Mahecola Barbs are, in fact, schooling, not shoaling species that you should keep in groups of 8 or more individuals. Sustaining these Barbs in suitable numbers will not only make the fish less timid but will also result in a more efficient, natural-looking display. Males will also display their best colours as they compete with one other for the female's attention.

What are the differences between female and male Mahecola Barbs?

It is pretty easy to differentiate male from female Mahecola Barbs. Adult males are usually slightly smaller, slimmer, exhibit more intense colour patterning, as well as having longer dorsal fins. Also, when in breeding condition, the males form spawning tubercles on their opercula. In contrast, females are somewhat larger than males and are relatively plain.

What is the best set-up for my Mahecola Barbs?

Mahecola Barbs are relatively easy to maintain as long as a dedicated maintenance routine is followed. The decor can be down to personal taste. You can use a substrate of gravel or sand for a natural-style design adding some larger smooth rocks, twisted roots, branches or driftwood.

The lighting can be somewhat subdued, and you can add lower lighting plants if you want. The temperature of your aquarium should be somewhere between 64 and 75 degrees Fahrenheit, the pH level should be somewhere between 6.0 and 7.5, and the water hardness should be somewhere between 90 and 268 ppm.

Although choppy water conditions are not required, Mahecola Barbs do better when the water is well-oxygenated with some degree of flow. Therefore, using an oversized external filter or two is suggested. You should perform weekly water changes of around 30 to 50 per cent.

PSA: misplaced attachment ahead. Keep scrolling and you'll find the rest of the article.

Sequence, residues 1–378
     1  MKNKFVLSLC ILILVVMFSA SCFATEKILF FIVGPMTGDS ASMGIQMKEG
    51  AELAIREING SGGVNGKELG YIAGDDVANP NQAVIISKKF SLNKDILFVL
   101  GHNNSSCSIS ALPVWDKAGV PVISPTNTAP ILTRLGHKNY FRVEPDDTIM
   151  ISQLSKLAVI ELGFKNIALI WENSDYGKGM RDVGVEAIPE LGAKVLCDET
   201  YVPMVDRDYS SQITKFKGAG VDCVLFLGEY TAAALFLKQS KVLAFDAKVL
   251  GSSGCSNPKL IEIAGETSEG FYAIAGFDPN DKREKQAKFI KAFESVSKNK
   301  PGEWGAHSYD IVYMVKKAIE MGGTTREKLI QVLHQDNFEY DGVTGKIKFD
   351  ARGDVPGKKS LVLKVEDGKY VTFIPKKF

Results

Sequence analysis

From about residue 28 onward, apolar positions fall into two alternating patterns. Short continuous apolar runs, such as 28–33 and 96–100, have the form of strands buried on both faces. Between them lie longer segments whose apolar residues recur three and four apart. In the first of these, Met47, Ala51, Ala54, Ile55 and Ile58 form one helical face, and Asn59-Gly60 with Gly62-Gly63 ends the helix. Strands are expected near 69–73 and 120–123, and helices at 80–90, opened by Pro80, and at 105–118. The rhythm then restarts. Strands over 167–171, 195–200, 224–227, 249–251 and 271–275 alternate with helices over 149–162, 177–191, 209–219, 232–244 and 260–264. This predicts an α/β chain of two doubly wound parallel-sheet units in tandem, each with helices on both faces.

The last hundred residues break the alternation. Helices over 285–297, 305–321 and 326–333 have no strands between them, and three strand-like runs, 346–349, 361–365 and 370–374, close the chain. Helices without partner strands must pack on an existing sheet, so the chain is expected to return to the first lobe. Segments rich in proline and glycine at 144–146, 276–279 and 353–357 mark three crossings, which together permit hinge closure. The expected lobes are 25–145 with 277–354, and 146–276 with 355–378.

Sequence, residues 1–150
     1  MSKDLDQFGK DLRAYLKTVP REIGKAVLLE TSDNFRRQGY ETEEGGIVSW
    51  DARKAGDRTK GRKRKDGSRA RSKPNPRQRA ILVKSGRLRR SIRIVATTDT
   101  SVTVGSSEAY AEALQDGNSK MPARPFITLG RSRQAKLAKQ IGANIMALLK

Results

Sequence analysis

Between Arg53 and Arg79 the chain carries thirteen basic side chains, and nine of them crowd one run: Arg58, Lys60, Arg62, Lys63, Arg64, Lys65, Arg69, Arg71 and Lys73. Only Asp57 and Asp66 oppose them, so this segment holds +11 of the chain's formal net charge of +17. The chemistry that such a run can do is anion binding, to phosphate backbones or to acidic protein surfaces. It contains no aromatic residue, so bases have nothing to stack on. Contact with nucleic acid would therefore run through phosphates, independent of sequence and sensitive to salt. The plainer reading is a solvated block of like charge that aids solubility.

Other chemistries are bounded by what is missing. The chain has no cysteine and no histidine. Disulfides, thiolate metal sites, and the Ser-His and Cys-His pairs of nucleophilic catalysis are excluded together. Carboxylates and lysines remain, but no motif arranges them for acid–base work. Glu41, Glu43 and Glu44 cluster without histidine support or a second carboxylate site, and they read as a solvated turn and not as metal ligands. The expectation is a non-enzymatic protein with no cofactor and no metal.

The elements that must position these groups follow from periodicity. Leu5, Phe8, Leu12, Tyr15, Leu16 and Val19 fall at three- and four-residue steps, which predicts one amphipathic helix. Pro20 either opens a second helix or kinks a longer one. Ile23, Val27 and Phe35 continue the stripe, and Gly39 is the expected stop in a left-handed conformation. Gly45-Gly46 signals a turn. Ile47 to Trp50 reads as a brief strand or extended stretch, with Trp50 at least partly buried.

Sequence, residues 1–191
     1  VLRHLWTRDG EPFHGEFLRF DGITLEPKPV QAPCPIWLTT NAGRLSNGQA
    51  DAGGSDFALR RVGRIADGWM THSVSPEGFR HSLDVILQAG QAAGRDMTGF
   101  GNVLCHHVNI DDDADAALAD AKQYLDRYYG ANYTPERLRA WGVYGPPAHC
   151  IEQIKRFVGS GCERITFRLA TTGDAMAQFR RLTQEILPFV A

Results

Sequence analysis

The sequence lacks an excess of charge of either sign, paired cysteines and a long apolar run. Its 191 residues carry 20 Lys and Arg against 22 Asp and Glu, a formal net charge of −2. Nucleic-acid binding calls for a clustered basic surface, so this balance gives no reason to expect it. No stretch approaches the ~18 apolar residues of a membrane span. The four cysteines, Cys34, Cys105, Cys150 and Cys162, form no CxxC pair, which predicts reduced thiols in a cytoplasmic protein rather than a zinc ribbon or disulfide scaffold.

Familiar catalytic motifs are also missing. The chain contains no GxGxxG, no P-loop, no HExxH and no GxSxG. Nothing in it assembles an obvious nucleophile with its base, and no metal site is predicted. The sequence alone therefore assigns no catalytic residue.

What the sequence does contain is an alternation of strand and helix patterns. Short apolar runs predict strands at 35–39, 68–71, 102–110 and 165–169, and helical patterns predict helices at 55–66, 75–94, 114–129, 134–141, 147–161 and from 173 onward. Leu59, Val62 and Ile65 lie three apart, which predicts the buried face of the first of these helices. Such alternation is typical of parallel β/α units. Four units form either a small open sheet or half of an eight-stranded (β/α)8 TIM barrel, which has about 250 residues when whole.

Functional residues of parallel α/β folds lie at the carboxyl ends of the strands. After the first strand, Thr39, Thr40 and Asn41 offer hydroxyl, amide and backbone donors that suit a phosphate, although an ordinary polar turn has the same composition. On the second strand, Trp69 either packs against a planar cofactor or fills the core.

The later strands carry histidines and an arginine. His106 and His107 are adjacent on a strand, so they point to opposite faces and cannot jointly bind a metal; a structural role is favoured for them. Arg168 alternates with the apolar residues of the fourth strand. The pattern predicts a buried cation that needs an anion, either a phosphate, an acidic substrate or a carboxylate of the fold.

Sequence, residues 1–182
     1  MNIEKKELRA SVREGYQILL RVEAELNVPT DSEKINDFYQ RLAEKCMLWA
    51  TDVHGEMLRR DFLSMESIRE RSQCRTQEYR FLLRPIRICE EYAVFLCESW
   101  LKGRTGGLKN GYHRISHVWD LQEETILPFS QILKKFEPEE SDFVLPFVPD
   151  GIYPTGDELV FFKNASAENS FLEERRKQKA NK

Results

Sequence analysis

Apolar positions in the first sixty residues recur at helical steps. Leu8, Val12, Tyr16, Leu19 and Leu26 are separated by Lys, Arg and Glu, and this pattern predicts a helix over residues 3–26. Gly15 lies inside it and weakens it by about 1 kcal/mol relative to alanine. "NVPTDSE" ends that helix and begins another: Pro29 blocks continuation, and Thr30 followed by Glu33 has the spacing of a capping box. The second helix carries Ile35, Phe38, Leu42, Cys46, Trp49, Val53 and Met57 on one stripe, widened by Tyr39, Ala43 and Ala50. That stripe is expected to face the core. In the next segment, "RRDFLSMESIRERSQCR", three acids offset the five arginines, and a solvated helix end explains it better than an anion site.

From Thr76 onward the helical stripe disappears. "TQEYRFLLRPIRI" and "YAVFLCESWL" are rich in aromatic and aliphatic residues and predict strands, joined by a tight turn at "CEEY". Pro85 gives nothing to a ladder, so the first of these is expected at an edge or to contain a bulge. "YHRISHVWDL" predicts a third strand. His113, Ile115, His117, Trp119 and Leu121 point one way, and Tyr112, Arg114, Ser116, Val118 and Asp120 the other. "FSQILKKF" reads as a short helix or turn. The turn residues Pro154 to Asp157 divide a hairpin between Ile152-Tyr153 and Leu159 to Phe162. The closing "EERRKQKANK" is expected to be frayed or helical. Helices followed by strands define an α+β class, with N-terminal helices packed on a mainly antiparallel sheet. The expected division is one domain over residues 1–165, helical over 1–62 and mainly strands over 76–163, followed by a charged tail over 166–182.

What should I feed my Mahecola Barbs?

In captivity, Mahecola Barbs are not fussy therefore are easily fed. However, for the healthiest, best-coloured fish, you should offer them a balanced diet. It would be best to provide them with regular meals of small live and frozen fares such as brine shrimp, bloodworm, and daphnia alongside good quality dried flakes and granules, at least some of which should include additional algal or plant content.

What temperament do Mahecola Barbs have?

Mahecola Barbs are generally a peaceful species and make excellent residents of a well-researched community aquarium. As they place no particular demands when it comes to water chemistry, you can combine these Barbs with plenty of the most popular fish in the hobby, such as other small Cyprinids, Anabantoids, and Livebearers, as well as Tetras Rainbowfish, Catfish, and Loaches.

Where do Mahecola Barbs originate?

Mahecola Barbs are endemic to Mahe and Kerala in India. Still, they are also currently considered to occur in rivers draining much of the Western Ghats mountains in Karnataka, Kerala, and Tamil Nadu states. These Barbs inhabit shallow, slow-flowing parts of rivers over substrates of mud or sand; however, water volume and flow rate are likely to alter depending on the time of year and increase significantly during the annual monsoons.

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Date Added: 16/12/2020 - Updated: 17/11/2021 03:30:09